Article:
Barring a trade, the Buccaneers hold the top pick in the 2015 NFL Draft. Any time a team finds itself in that situation, it means there are a lot of holes on the roster. Tampa Bay needs to revamp its offensive line, improve its secondary and finally land a franchise signal caller.
Tennessee was aggressive in upgrading its defense. It re-signed Derrick Morgan and Karl Klug while adding safety Da'Norris Searcy and outside linebacker Brian Orakpo. With the second pick in the upcoming draft, Tennessee will have a chance to add either a franchise quarterback or another piece to the defensive puzzle.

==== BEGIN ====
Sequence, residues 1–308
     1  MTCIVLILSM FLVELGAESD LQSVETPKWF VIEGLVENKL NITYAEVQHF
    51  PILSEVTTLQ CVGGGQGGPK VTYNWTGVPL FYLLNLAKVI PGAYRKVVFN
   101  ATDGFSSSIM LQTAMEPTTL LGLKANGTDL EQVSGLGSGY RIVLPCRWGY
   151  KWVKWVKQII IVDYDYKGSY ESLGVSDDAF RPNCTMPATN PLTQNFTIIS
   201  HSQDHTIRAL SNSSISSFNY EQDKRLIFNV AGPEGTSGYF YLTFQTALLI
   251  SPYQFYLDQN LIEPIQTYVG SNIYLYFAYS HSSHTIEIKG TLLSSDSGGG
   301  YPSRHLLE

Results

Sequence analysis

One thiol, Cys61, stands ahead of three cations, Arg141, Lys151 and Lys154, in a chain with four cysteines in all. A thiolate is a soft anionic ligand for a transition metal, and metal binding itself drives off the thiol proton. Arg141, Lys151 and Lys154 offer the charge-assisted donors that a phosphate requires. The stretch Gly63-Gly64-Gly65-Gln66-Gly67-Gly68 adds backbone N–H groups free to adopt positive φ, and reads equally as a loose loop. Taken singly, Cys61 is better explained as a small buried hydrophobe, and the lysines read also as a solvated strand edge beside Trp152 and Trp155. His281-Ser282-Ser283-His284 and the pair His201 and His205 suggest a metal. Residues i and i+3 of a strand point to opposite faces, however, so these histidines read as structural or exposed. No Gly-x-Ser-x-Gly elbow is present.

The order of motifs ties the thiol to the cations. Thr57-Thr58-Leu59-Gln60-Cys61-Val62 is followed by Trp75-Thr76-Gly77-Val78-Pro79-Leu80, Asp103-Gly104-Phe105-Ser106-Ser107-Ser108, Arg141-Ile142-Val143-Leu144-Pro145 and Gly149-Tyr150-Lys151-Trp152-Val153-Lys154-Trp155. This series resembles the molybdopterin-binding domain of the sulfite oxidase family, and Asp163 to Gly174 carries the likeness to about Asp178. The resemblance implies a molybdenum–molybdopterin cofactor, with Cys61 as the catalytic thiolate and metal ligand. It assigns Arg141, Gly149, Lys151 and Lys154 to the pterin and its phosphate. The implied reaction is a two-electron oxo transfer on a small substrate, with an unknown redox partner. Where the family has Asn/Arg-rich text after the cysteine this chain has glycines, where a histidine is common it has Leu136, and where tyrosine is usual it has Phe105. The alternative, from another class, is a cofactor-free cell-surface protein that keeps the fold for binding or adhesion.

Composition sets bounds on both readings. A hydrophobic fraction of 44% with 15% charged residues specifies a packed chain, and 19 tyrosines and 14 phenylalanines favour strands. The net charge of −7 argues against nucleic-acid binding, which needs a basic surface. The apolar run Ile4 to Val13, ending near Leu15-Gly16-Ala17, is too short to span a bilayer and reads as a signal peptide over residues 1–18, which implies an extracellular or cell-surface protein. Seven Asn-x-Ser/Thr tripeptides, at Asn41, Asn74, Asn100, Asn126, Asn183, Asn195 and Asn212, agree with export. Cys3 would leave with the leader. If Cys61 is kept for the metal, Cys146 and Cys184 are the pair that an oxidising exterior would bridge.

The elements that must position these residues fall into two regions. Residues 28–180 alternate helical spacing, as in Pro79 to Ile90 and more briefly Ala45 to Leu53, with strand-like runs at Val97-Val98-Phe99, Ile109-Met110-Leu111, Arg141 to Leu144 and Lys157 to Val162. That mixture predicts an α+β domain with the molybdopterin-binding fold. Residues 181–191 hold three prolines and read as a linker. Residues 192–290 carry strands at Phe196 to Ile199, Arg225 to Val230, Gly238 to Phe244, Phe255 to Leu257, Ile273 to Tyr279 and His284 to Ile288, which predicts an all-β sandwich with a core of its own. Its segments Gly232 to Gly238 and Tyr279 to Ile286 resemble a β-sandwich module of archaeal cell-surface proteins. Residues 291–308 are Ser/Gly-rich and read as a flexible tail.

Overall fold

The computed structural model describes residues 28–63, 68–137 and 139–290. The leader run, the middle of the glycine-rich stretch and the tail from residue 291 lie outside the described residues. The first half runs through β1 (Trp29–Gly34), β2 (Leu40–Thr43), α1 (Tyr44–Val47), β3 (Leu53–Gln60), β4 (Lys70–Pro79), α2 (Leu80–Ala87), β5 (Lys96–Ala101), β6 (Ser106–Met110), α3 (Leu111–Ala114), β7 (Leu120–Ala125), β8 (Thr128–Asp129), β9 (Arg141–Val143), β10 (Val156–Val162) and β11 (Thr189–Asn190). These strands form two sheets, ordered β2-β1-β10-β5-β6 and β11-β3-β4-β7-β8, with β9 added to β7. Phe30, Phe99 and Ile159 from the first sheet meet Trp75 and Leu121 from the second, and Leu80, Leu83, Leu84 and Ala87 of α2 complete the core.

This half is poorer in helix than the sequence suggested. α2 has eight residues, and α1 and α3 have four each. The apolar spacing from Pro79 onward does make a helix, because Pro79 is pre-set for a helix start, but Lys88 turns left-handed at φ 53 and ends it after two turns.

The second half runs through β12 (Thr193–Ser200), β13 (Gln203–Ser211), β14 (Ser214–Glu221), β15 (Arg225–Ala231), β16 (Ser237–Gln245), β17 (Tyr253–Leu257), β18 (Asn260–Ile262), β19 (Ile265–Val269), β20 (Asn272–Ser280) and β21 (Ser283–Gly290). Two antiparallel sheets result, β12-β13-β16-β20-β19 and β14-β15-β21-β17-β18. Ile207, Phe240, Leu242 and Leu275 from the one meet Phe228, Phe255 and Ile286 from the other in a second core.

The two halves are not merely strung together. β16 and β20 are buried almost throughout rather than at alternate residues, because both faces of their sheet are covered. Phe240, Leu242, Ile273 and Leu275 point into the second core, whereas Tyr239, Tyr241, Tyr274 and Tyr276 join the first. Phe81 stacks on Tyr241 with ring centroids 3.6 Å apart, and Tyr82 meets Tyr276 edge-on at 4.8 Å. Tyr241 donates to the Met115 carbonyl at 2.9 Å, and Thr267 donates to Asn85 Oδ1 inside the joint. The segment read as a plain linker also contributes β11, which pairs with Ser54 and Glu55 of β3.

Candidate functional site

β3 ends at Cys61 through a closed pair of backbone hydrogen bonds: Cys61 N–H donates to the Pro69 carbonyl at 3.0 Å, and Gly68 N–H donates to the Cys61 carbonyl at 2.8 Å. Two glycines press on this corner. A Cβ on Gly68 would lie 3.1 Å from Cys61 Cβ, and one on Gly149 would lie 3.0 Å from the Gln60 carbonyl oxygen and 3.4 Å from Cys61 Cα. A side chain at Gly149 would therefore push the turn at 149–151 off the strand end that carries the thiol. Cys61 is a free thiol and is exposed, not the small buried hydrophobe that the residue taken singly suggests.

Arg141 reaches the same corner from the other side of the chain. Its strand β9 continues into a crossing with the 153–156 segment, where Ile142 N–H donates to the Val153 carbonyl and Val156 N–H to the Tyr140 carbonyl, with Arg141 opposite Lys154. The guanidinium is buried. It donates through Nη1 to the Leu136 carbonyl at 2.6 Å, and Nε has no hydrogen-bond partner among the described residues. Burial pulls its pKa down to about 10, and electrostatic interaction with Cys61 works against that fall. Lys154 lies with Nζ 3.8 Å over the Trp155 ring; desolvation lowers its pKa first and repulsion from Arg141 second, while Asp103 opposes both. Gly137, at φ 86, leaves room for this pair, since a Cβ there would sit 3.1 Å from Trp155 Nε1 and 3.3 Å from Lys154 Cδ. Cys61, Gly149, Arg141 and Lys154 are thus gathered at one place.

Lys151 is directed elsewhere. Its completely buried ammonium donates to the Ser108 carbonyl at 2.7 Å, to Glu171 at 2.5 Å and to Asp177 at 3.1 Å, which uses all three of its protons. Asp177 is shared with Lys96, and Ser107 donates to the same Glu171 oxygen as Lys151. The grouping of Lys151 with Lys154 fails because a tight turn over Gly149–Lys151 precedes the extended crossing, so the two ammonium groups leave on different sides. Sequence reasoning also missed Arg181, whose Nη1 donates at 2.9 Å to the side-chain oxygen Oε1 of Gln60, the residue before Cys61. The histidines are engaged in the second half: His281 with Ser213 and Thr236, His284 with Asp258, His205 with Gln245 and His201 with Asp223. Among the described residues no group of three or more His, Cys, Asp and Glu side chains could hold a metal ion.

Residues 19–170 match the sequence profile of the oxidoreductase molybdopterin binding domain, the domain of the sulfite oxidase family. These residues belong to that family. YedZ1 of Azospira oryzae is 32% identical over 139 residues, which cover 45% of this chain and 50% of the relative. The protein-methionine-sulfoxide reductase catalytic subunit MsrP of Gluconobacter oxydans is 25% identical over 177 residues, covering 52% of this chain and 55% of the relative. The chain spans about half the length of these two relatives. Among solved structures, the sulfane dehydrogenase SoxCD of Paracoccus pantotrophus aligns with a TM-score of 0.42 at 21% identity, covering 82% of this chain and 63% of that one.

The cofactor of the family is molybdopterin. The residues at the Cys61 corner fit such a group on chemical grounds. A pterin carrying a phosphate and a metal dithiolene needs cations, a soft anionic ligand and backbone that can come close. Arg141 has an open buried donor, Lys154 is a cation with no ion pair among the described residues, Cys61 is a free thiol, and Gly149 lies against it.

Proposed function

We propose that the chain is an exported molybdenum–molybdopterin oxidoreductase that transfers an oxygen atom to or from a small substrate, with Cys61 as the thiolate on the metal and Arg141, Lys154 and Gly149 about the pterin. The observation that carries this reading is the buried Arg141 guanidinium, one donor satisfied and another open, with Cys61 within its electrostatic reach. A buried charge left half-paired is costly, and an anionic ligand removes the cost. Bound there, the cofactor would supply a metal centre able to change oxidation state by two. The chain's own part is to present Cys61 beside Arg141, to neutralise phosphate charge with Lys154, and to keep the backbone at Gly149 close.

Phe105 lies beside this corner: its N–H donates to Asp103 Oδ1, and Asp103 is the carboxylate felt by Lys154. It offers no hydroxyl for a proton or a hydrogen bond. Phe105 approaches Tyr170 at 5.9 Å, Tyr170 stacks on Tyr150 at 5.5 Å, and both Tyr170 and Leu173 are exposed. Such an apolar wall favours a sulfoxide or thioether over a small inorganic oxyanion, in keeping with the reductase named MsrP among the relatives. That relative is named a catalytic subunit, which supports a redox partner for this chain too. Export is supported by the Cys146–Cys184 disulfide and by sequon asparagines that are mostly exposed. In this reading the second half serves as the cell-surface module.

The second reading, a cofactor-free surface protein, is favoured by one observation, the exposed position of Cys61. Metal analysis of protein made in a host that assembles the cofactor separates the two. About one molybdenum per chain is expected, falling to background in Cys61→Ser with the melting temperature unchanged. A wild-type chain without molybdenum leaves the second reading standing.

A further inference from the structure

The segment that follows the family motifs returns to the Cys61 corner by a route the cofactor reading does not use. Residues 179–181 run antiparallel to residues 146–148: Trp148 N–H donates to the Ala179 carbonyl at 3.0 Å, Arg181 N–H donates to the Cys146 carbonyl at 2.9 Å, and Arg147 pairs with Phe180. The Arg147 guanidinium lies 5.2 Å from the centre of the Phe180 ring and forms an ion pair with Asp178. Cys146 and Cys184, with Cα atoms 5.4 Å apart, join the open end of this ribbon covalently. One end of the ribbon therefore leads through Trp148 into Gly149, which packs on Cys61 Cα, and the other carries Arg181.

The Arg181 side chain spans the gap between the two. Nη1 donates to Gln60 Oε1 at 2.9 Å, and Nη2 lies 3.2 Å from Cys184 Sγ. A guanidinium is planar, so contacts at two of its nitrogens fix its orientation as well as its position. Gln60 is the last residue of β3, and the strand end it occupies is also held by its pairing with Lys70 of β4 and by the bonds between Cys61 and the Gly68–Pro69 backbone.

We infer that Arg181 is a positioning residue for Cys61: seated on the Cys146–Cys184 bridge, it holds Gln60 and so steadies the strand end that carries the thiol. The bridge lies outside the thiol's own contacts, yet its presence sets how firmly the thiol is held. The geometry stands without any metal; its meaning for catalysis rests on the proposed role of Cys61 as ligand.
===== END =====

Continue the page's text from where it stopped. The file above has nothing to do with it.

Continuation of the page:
Jacksonville has a roster with some talent in the front seven on defense, and not much else. The offensive line was horrific, allowing a league-high 71 sacks. Finding better protection for promising quarterback Blake Bortles was a must, and the signing of offensive tackle Jermey Parnell should help. The Jaguars also brought in Jared Odrick to bolster their pass rush and tight end Julius Thomas to give Bortles a top-notch receiving option.
The Raiders were expected to make huge splashes in free agency, but were relatively quiet despite their cap space. Oakland did land center Rodney Hudson from the rival Chiefs, giving him a hefty contract. Michael Crabtree could also become an impact signing.
Though head coach Jay Gruden claims that Robert Griffin III will enter the season as the starter, there's no guarantee that the embattled quarterback will remain on the roster by Opening Day. Washington has other problems on offense, including a line that gave up 58 sacks last season.